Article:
Georgia: New human rights court hearing for former PM Ivane Merabishvili

Legal arguments will begin next week at the European Court over a complaint concerning the pre-trial detention of Georgia’s former prime Minister Ivane Merabishvili.

The European Court of Human Rights hearing into the complaint Merabishvili v. Georgia (application no. 72508/13), starts on Tuesday 8 March.

The applicant, Ivane Merabishvili, is a Georgian national who was born in 1968 and is currently serving a prison sentence for a number of offences including vote-buying and misappropriation of property.

Prior to the parliamentary elections of October 2012, which resulted in a change of power, Merabishvili, one of the leaders of the then ruling party, the United National Movement (UNM), exercised, for several months in 2012, the function of Prime Minister of Georgia.

After the political coalition Georgian Dream had won the parliamentary election of October 2012 and formed a new government, Merabishvili was elected Secretary General of the UNM, which became the major opposition force in the country.

Merabishvili was arrested on 21 May 2013 following the institution against him of criminal proceedings for embezzlement and abuse of authority. On 22 May 2013 an initial court decision, based on Article 205 of the Code of Criminal Procedure, was taken remanding Merabishvili in custody on the grounds that there was a risk that he might abscond or interfere with the investigation. This decision was confirmed on appeal on 25 May 2013.

Subsequently, during a pre-trial session on 25 September 2013, he asked for his pre-trial detention to be replaced by a non-custodial measure of restraint. This request was examined and rejected on the same day, without explanation, in a brief oral statement of one sentence given by the trial court judge.

Merabishvili was convicted in February 2014 of the majority of the charges against him, including vote-buying, misappropriation of property and breach of the inviolability of another person’s home and sentenced to five years’ imprisonment. The charge of abuse of authority was dismissed.

Merabishvili’s appeal on points of law was rejected as inadmissible by the Supreme Court in June 2015.

Four additional sets of criminal proceedings for various offences involving abuse of official authority when he was Minister of the Interior between 2005 and 2012, were also launched against Merabishvili between May 2013 and July 2014.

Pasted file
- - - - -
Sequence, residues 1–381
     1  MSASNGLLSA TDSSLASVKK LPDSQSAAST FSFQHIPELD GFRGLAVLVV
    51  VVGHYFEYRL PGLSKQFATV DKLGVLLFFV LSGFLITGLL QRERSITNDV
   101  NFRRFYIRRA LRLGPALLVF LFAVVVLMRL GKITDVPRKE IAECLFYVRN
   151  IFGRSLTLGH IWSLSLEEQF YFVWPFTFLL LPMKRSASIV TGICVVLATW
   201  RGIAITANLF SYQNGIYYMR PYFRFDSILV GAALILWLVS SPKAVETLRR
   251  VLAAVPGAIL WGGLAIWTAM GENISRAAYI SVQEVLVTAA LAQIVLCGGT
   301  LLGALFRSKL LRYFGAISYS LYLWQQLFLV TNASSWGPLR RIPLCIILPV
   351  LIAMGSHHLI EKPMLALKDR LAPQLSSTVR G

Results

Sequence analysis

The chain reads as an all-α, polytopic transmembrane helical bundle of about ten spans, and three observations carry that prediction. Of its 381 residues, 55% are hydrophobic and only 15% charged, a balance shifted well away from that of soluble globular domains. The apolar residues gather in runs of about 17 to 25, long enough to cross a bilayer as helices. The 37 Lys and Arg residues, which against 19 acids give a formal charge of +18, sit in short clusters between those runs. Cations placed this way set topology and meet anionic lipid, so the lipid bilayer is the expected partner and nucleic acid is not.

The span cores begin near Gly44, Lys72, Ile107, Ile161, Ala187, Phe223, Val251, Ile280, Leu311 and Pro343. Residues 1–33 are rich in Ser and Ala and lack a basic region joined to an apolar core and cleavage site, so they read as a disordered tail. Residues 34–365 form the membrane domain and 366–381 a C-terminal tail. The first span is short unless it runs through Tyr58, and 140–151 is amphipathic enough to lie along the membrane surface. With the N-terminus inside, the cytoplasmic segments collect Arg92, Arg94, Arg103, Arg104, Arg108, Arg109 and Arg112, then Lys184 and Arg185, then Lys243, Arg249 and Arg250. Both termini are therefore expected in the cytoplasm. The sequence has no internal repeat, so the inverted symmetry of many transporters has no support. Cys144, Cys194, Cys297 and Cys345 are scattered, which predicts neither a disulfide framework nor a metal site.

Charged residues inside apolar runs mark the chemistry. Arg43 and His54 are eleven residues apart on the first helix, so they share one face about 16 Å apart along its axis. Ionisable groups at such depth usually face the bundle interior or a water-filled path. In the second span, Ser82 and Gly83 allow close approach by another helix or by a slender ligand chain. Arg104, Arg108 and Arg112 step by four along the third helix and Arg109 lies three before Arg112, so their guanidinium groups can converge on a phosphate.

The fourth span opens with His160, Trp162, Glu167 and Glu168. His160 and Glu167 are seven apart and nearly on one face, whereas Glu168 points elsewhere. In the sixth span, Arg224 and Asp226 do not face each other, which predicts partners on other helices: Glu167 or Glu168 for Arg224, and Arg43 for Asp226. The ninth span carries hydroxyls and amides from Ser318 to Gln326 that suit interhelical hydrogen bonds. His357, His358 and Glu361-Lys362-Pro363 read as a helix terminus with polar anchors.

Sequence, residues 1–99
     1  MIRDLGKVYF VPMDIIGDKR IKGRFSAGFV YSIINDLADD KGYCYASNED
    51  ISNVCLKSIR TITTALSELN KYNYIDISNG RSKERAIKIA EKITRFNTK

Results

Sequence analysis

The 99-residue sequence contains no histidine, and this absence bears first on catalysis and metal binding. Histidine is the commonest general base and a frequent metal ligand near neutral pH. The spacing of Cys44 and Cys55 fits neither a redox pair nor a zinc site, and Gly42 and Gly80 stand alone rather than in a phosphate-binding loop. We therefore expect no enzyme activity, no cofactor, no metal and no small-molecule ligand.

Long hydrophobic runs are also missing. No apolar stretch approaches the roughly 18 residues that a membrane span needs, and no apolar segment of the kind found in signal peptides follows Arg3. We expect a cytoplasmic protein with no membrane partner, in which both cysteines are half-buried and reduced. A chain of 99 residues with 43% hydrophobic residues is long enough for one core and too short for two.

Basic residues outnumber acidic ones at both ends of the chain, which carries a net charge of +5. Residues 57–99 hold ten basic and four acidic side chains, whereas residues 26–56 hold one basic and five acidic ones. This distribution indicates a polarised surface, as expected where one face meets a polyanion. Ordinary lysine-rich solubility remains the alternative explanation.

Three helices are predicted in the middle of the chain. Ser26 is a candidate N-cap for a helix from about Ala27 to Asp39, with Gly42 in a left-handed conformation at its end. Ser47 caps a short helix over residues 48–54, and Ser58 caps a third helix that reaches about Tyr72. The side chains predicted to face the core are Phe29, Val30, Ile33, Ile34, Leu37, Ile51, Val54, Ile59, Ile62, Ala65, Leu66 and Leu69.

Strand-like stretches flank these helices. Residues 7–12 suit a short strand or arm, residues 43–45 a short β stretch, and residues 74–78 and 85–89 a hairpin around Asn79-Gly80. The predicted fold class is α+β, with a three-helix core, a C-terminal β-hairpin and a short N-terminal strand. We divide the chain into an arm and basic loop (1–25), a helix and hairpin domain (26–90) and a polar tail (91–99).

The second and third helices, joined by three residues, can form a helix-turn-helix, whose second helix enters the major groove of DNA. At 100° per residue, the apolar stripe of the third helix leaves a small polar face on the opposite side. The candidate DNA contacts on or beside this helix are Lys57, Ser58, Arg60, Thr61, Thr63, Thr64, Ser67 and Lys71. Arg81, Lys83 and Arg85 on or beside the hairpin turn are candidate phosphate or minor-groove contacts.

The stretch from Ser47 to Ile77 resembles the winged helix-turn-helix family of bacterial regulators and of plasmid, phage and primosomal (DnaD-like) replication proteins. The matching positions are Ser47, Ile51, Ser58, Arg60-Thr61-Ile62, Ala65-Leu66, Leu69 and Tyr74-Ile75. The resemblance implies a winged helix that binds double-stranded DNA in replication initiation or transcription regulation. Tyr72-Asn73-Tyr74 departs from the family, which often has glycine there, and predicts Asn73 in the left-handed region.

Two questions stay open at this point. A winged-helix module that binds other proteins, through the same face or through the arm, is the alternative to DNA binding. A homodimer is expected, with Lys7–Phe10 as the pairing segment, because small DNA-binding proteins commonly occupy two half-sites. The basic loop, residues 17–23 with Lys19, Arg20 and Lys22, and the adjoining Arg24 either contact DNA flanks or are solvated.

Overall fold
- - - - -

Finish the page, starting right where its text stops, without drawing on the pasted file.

Relying on Article 5 §§ 1, 3 and 4 (right to liberty and security / entitlement to trial within a reasonable time or to release pending trial / right to have lawfulness of detention decided speedily by a court) of the European Convention on Human Rights, Merabishvili alleges that his arrest and pre-trial detention were unlawful and unjustified, and that the courts failed to carry out a proper judicial review of his request for release in its decision of 25 September 2013.

Further relying on Article 18 (limitation on use of restrictions on rights) taken in conjunction with Article 5 § 1, he alleges that the initiation of criminal proceedings against him and his arrest were used by the authorities to exclude him from the political life of the country, resulting in the weakening of his party, UNM, and preventing him from standing as a candidate in the presidential election of October 2013.

He further alleges that that persecution continued during his pre-trial detention when, on 14 December 2013, he was removed from his cell and taken for a late-night meeting with the Chief Public Prosecutor and the head of the prison authority who had threatened him in order to obtain information about the death of the former Prime Minister, Zurab Zhvania, and about secret offshore bank accounts of the former President of Georgia. He further claims that, despite having informed the authorities of that incident at the first opportunity at a hearing on his case on 17 December 2013, calling upon them to examine video footage from the prison surveillance cameras, no objective or thorough criminal investigation was ever launched into his allegations.

Lastly, he emphasises that the international community expressed concerns over the initiation of criminal proceedings against the leaders of the opposition party, including himself.

The application was lodged with the European Court of Human Rights on 20 November 2013.

In its Chamber judgment of 14 June 2016, the European Court of Human Rights concluded in particular that Merabishvili’s pre-trial detention was lawful and based on reasonable grounds but
was also used as a means to exert pressure on him.

In particular, it held, unanimously, that there had been: no violation of Article 5 §§ 1 and 3 (right to liberty and security / entitlement to trial within a reasonable time or to release pending trial) of the European Convention on Human Rights as concerned the lawfulness of and grounds for the court decisions of 22 and 25 May 2013 ordering Merabishvili’s pre-trial detention;

a violation of Article 5 § 3 as concerned the court decision of 25 September 2013 reviewing Merabishvili’s pre-trial detention; and, lastly, a violation of Article 18 (limitation on use of restrictions on rights) taken in conjunction with Article 5 § 1 on account of the fact that Merabishvili’s pre-trial detention had also been used by the prosecuting authorities as an opportunity to obtain leverage in another unrelated investigation, namely into the death of the former Prime Minister, Zurab Zhvania, and to conduct an enquiry into the financial activities of the former President of Georgia.

On 17 October 2016 the Grand Chamber Panel accepted the Georgian Government’s request that the case be referred to the Grand Chamber.

Comments are closed.